When the World Health Organization screamed “pandemic”, Ford traded in his tired old populism and common sense for a shiny new superstitious belief in the infallibility of international health organizations and other medical experts, and imposed their recommendations with a particularly heavy hand.   When people with legitimate concerns about the erosion of their rights, freedoms, livelihoods and businesses under public health orders and who likely largely overlapped the people who had voted Ford into the premier’s office two years ago, began to protest against social distancing, lockdowns, and the like, he dismissed them all as yahoos.   In July, he rammed Bill 195 through the legislature, a bill which gave him two years’ worth of emergency powers which he could exercise without consulting the legislature.    This was a province-level equivalent of what Captain Airhead and his Liberals had tried to sneak into an emergency spending bill in Parliament in March, but which Her Majesty’s Loyal Opposition had mercifully thwarted.   Ford punished the members of his own party who voted against this bill, such as Belinda Karahalios, the MPP representing Cambridge, by expelling them from the caucus.

On Monday, September 28th, Ford held a press conference in which he announced that his province was officially in the “second wave” of the bat flu, and that it “will be worse than the first wave we faced earlier this year.”    As with all the other claptrap about this so-called “second wave” this was a cunning form of sleight-of-hand.   That day, Upper Canada had seen the highest number of new cases recorded in a single day since the beginning of the pandemic.  It had not seen a commensurate spike in the number of people gravely sick, being hospitalized, put in intensive care, and dying.   Indeed, the new cases were mostly among age groups which were not at any significant risk from the disease.   This has been more or less the case everywhere throughout this so-called “second wave”.   My province, which seen the number of deaths multiply since the beginning of September – we were at fourteen at the beginning of September and are now at forty-seven, is not an exception.   These deaths are, like those which more populated provinces experienced in the spring, almost entirely among those who are both extremely old and extremely sick, because this is Manitoba’s first wave, the entire misguided and totalitarian “flatten the curve” strategy having merely delayed it, while causing a whole lot of unnecessary other harm in the process.  

Even before Ford made this announcement, he had lowered the number of people allowed to meet socially in Toronto, Peel Region, and Ottawa to ten, slapped a $10 000 fine on anyone who organized an event that broke this rule, and a $750 fine on anyone who attended.   It is difficult to decide which is more ridiculous, the limit of social gatherings to ten in a country where assembly and association are two of the officially recognized fundamental freedoms, or the insanely high amounts of those fines.  (4)  Certainly, the late Rob Ford, who was well known for his love of large social gatherings, must be spinning in his grave over all this party-pooping, and the whole general way in which his brother has turned into a piece of rotting Communist excrement.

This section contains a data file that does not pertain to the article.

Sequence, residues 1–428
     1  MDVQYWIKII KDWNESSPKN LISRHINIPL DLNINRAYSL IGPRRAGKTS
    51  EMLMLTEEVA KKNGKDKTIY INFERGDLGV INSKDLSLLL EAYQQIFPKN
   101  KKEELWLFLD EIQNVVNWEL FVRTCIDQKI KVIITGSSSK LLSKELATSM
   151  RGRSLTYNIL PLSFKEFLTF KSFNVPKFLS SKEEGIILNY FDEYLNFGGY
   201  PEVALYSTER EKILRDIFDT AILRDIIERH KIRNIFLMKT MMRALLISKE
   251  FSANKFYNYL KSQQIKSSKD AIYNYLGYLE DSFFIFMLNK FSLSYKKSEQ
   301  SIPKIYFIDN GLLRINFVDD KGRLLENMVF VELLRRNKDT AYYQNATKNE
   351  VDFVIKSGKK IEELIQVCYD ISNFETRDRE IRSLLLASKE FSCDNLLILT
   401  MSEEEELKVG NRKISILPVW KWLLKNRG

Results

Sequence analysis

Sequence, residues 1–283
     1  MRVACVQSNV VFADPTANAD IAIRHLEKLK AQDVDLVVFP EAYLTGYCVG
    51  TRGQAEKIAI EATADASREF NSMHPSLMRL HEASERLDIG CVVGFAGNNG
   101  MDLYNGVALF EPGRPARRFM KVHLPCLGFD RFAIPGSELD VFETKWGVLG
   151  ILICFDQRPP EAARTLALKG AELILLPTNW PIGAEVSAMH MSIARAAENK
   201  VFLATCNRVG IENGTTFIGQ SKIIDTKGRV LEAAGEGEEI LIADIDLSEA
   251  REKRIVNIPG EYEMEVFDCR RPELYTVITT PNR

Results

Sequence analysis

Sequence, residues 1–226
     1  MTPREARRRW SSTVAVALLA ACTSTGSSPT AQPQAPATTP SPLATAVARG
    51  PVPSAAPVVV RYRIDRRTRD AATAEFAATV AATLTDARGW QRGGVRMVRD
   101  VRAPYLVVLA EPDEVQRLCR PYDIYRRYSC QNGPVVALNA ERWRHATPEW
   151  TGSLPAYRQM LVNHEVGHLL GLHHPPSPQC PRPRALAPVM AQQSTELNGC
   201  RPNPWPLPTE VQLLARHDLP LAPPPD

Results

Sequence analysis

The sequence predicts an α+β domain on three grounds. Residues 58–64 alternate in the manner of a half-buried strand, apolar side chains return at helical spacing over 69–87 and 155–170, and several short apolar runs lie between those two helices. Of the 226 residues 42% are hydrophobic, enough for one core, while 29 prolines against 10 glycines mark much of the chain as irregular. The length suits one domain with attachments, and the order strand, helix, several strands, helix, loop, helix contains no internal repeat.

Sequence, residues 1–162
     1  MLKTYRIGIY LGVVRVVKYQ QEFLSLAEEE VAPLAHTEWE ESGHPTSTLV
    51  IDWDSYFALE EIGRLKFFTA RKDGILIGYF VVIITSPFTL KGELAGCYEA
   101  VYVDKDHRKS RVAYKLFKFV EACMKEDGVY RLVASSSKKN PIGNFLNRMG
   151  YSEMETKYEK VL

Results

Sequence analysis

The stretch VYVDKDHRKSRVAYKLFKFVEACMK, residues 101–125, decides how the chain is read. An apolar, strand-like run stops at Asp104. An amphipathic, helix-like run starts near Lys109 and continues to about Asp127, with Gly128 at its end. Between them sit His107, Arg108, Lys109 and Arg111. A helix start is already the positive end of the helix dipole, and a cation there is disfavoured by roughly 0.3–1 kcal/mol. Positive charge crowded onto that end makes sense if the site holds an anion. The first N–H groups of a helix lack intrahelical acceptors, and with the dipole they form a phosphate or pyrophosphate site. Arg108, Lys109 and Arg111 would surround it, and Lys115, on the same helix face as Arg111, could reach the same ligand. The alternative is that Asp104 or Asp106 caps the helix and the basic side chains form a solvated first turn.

My unsolicited advice to Ford is to find the serum that will turn him back to his original self and to do so quickly.   Nobody, except the media progressives, who want everybody to spend the rest of their lives, hiding under their beds in their basements, curled up in the fetal position, sucking their thumbs, afraid to go out lest the SARS-Cov-2 Bogeyman get them, likes this new version.

(1)   Stevenson deliberately left out both the definite article and the periods after the abbreviations for doctor and mister from his title.   His original publisher followed his whims.   Most subsequent publishers have not.  

(2) Brian Bowman looks like Jon Cryer, who, prior to his role as Alan on Three and a Half Men, was best known as “Duckie” in John Hughes’ 1986 “Brat Pack” teen rom-com, Pretty in Pink.   An interesting bit of trivia, although as completely irrelevant as this entire footnote, is that Charlie Sheen, Cryer’s co-star in Three and a Half Men (and earlier in Hotshots), was the original choice for the role of Blane, “Duckie”’s ultimately successful rival for the affections of Andie (Molly Ringwald) in this film, a role that ended up going to Andrew McCarthy.

(3)   See this article from The Interim.  It is worth noting that a serious effort to clean up the schools would have to involve more than just repealing Kathleen Wynne’s curriculum.   I was in Toronto for a wedding almost ten years ago, while Dalton McGuinty was still premier.   On the ride back to Pearson International, my driver, a recent immigrant from somewhere in the Middle East, struck up a conversation.   When he found out I was from Manitoba, he told me how lucky I was to be living in a rural, conservative, province, where I did not have to put up with the likes of Dalton McGuinty, who was making the schools teach sexual perversions to young children.   I didn’t have the heart to break the news to him, that the NDP which was governing Manitoba at the time was just about as bad, although they had not taken the schools quite that far.   My point, however, is that this conversation could not have taken place when it did, had McGuinty not already started the schools along the path down which Wynne would take them much further.